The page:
Unusual Type III Burst Dynamics Produced by Diverging Magnetic Fields
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|1st Author:||Patrick McCauley|
|Published:||20 November 2017|
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Type III solar radio bursts are widely believed to be caused by electron beams accelerated away from the Sun during solar flares. Fast electrons stimulate oscillations in the ambient plasma, which in turn produce radio emission. This plasma emission occurs at specific frequencies that are proportional to the square root of the ambient electron density. The plasma density in the solar corona generally decreases outwards from the solar surface. The emission frequency is therefore related to the height that corresponds to the requisite background density, and type III bursts are characterized by a rapid drift to lower frequencies as the beams move outward.
Source Region Splitting
A series of type III bursts have recently been observed to exhibit a curious splitting behavior by the Murchison Widefield Array (MWA), a new and very powerful low-frequency radio interferometer (Ref. ). In these bursts the source region splits from one component at higher frequencies (smaller heights), into two increasingly-separated components at lower frequencies (larger heights). The two components also repetitively move apart at a few tenths of light speed in observations at individual frequencies. This motion, shown in Figure 1, lasts around 2 seconds and occurs many times over several minutes.
Magnetic Field Configuration
Extreme ultraviolet (EUV) jets observed by the Solar Dynamics Observatory/AIA immediately follow the radio bursts. These thermal plasma ejections and the type III electron beams follow particular trajectories within the coronal magnetic field, and previous studies have demonstrated alignment between the two (e.g. Ref. ). The EUV jets trace out a region where the magnetic field diverges rapidly around a null point. This configuration is a type of quasi-separatrix layer (QSL), generally meaning a region where the field connectivity changes drastically within a small area. Several common features of null point QSLs are identified in Figure 2, which compiles all of the EUV jet trajectories into one persistence map.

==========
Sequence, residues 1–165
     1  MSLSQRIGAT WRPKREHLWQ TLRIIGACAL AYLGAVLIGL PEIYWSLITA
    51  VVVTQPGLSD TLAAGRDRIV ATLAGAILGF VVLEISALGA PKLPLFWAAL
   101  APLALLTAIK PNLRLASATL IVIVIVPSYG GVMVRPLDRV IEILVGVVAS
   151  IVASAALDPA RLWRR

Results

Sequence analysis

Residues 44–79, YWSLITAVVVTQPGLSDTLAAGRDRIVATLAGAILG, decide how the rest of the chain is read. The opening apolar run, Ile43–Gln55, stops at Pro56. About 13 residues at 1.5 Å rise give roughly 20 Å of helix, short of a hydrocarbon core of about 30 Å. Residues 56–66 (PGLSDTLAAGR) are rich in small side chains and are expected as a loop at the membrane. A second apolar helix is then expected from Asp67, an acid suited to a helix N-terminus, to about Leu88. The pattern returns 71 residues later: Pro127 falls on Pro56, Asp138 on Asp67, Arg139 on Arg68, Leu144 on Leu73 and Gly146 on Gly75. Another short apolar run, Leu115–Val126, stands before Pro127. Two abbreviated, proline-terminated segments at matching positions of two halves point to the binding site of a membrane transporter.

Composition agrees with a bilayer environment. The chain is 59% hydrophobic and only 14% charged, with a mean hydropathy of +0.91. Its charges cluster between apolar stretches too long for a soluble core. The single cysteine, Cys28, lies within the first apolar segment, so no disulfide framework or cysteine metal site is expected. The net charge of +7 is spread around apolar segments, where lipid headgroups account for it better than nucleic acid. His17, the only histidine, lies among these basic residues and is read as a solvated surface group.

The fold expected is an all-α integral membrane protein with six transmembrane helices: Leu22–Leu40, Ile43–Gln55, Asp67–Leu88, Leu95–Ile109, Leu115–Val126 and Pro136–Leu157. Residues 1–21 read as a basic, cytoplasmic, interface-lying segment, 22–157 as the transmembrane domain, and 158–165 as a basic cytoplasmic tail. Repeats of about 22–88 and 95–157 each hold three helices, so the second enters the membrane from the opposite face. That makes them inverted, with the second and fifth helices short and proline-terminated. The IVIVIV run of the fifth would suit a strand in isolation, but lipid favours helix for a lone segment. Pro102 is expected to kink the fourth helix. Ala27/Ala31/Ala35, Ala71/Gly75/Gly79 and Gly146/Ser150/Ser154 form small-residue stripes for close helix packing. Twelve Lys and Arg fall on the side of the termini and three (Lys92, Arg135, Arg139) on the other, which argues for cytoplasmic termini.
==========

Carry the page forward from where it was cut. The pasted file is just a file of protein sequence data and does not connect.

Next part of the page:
Overlaying type III burst contours on the EUV image (Figure 3, left) shows that the two radio components are distributed on either side of a separatrix spine, a magnetic field line which connects two magnetic nulls. In Figure 3 (right), the EUV structure is used to sketch a 3D field configuration that also satisfies the connectivity required by the radio sources. In this interpretation, electrons travel simultaneously along the red field lines, which forces the beams to diverge with increasing height. This naturally produces the much larger angular extent of the radio source at lower frequencies (larger heights). It also produces the splitting motion observed at individual frequencies because adjacent beams reach the same height and corresponding ambient density at slightly different times, creating an apparent motion that's not aligned with the beam trajectories.
The novel dynamics of these type III bursts can be interpreted in terms of diverging magnetic fields, as inferred from EUV jet observations, and additional information about the field connectivity is provided by the radio images.